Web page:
Top 10 best practices for next-gen analytics
By Anne-Lindsay Beall, SAS Insights Editor
Research shows that companies using analytics for decision making are 6% more profitable than those that don’t.1 “Companies understand the value of analytics,” says TDWI’s Fern Halper. “They want to be predictive and proactive,” Halper says, “and are pushing the envelope in terms of analytics and the platforms to support analysis.”
In Halper’s TDWI Best Practices Report: Next-Generation Analytics and Platforms for Business Success, she discusses how the phrase “next-generation analytics” evokes images of machine learning, big data, Hadoop, and the Internet of Things, but often means simply pushing past reports and dashboards to “more advanced forms of analytics, such as predictive analytics.”
Often a good first step into the world of advanced analytics is predictive analytics. Vendors are making the tools easier to use, and with the right controls in place, this can be a good place to start.
“Next-generation analytics might move your organization from visualization to big data visualization; from slicing and dicing data to predictive analytics; or to using more than just structured data for analysis,” says Halper. The market is on the cusp of moving forward. To move with it, start with Halper’s top ten best practices below and read the full TDWI Best Practices Report: Next-Generation Analytics and Platforms for Business Success.
1. Realize there is no silver bullet, but don’t do nothing.
Building an analytics culture using next-generation analytics and putting the ecosystem together takes time. It’s important not to try to boil the ocean. However, it’s also important not to ignore the work and simply hope success will magically happen. Companies that are measuring value with analytics are taking risks, experimenting, and finding success. They’re evangelizing and communicating. It may take time, but they’re certainly getting there.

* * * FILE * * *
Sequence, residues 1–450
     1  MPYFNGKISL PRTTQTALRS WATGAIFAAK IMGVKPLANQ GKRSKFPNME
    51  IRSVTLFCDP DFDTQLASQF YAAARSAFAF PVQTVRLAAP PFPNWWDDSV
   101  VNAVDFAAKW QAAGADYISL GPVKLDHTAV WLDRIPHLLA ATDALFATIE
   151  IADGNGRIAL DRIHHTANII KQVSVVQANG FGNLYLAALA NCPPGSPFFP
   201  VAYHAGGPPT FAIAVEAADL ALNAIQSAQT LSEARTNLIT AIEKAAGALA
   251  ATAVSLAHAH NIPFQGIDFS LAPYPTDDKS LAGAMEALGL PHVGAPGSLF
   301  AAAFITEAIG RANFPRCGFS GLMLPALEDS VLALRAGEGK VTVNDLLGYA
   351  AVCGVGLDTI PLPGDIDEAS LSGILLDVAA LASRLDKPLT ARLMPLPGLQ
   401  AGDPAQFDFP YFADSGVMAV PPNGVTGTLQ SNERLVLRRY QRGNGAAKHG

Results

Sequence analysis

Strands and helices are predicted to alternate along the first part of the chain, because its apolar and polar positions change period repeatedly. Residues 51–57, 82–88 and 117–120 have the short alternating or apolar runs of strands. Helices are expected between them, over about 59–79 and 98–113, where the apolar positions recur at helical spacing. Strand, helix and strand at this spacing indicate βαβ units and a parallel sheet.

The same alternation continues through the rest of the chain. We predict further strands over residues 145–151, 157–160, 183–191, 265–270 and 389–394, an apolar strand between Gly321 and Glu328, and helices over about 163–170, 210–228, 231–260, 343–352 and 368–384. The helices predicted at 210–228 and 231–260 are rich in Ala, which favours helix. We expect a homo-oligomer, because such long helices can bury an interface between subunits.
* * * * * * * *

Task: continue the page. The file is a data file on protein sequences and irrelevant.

2. Consider new infrastructure technology.
Companies succeeding with next-generation analytics are putting together an ecosystem that consists of multiple technology types. Yes, this can include the data warehouse (don’t expect the new stuff to replace the old), but it should also include the right tools for the jobs, including in-memory computing for highly iterative analysis or cloud computing to deal with vast amounts of data that might be generated in the public cloud and on premises.
3. Consider more advanced analytics.
Companies measuring value are using more advanced analytics. Although this requires skills and training, the upside is clear. Often a good first step into the world of advanced analytics is predictive analytics. Vendors are making the tools easier to use, and with the right controls in place, this can be a good place to start.
4. Start with a proof of concept.
Companies succeeding with predictive analytics often start with a metric they’re already measuring, so they can demonstrate that they can predict that metric -- they know it's valuable and will get attention.
5. Utilize disparate data.
Although structured data and demographic data are the mainstay of analysts and modelers, disparate data types can enrich a data set and provide lift to models. Think about incorporating data beyond the traditional types you might have in your data warehouse or on your servers. Good starting points include geospatial data and text.
6. Take training seriously.
The democratization of analytics is moving ahead. However, you need to think about the skills you’ll require for data management, as well as the skills to build your models and deal with your data. With statisticians and other quants in short supply, think about what skills you’ll need for the kinds of models you want to build. Part of the process is balancing the costs and benefits of the models you're considering. Allocate your resources wisely. Training will become an important part of your next-generation strategy.
7. Put controls in place.
Democratization means that business analysts will try to use more advanced technology. Make sure controls are in place before a model is put into production. This might include confirming the validity of a model.
8. Act on your data.
Analytics without action won’t yield measurable impact. Even if you aren’t ready to operationalize your analysis, it makes sense to start implementing a process to take action, even if it's manual action. You’ll be building a more analytically-driven culture for when you want to build more operational intelligence.
9. Build a center of excellence.
A CoE can be a great way to make sure that the infrastructure and analytics you implement are coherent. CoEs can help you disseminate information, provide training, and establish or maintain governance.
10. Remember to monitor your analysis.
Data can get stale. Models can get stale. It’s important to revisit any kind of analysis where action is taking place on a periodic basis to make sure that your data is still relevant and that your model still makes sense.
1 Andrew McAfee and Erik Brynjolfsson . “Big Data: The Management Revolution,” Harvard Business Review, October.
- Download the TDWI Best Practices Report: Next-Generation Analytics and Platforms for Business Success
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